No wonder that this excitement is turning Whigs and Democrats into Free Soilers, and Free Soilers into disunionists. But this is only the eddy, after all; the main current sets the wrong way. The nation is intoxicated and depraved. It takes all the things you count as influential, — all the "spirit of the age," and the "moral sentiment of Christendom," and the best eloquence and literature of the time, — to balance the demoralization of a single term of Presidential patronage. Give the offices of the nation to be controlled by the slave power, and I tell you that there is not one in ten, even of professed Anti-Slavery men, who can stand the fire in that furnace of sin; and there is not a plot so wicked


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but it will have, like all its predecessors, a sufficient majority when the time comes.

Do you doubt this? Name, if you can, a victory of Freedom, or a defeat of the Slave Power, within twenty years, except on the right of petition, and even that was only a recovery of lost ground.  Do you say the politicians are false, but the people mark the men who betray them! True, they mark them, but as merchants mark goods, with the cost price, that they may raise the price a little, when they want to sell the same article again. You must go back to the original Missouri Compromise, if you wish to prove that even Massachusetts punishes traitors to Freedom, by any severer penalty than a seat on her Supreme Bench. For myself, I do not believe in these Anti-Slavery spasms of our people, for the same reason that Coleridge did not believe in ghosts, because I have seen too many of them myself. I remember when our Massachusetts delegation in Congress, signed a sort of threat that the State would withdraw from the Union if Texas came in, but it never happened. I remember the State Convention at Faneuil Hall in 1845 where the lion and the lamb lay down together, and Gen. T. Curtis and John G. Whittier were Secretaries; and the convention solemnly pronounced the annexation of Texas to be "the overthrow of the Constitution, the bond of the existing Union." I remember how one speaker boasted that if Texas was voted in by joint resolution, it might be voted out by the same. But somehow, we have never mustered that amount of resolution; and when I hear of State Street petitioning for the repeal of its own Fugitive Slave Law, I remember the lesson.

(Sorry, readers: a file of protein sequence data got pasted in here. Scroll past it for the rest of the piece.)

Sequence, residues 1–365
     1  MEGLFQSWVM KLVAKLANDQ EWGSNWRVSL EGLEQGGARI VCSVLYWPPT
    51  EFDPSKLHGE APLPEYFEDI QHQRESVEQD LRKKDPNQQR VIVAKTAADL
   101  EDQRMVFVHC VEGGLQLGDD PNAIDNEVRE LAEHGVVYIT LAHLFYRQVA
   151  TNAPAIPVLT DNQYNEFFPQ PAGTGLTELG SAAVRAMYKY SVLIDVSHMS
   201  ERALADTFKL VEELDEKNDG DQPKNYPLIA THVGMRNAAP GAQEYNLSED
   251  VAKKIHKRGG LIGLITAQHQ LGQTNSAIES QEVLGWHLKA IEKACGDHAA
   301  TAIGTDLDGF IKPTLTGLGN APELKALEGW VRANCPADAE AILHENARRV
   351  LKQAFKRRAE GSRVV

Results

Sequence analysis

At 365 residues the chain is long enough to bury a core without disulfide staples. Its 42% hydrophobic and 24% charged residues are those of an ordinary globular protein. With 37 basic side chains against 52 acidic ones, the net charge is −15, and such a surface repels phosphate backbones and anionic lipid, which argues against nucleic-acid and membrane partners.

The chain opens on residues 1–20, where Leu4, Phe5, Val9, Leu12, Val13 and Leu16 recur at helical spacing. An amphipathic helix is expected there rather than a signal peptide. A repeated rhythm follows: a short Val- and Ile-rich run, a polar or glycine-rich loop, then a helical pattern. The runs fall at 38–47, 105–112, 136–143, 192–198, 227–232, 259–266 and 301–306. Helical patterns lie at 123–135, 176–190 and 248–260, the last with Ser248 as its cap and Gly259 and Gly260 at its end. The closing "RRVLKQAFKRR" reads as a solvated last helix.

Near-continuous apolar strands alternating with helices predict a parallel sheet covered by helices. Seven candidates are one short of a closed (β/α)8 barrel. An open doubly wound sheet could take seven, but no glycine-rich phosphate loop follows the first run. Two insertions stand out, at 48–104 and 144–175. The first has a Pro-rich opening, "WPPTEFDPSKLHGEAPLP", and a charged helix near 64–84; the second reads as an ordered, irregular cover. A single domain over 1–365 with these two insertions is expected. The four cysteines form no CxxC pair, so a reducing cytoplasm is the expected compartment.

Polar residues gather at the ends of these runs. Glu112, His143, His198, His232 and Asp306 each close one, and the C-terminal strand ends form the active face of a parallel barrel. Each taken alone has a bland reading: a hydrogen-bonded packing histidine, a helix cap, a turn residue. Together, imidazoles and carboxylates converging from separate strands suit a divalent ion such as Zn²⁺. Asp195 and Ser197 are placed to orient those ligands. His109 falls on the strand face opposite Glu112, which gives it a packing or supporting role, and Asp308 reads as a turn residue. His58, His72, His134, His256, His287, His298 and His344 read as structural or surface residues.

For myself, I do not expect to live to see that law repealed by the votes of politicians at Washington. It can only be


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repealed by ourselves, upon the soil of Massachusetts. For one, I am glad to be deceived no longer. I am glad of the discovery — (no hasty thing, but gradually dawning upon me for ten years) — that I live under a despotism. I have lost the dream that ours is a land of peace and order. I have looked thoroughly through your "Fourth of July," and seen its hollowness; and I advise you to petition your City Government to make their appropriation for its celebration (or give the same to the Nebraska Emigration Society) and only toll the bells in all the churches, and hang the streets in black from end to end. O shall we hold such ceremonies when only some statesman is gone, and omit them over dead Freedom, whom all true statesmen only live to serve!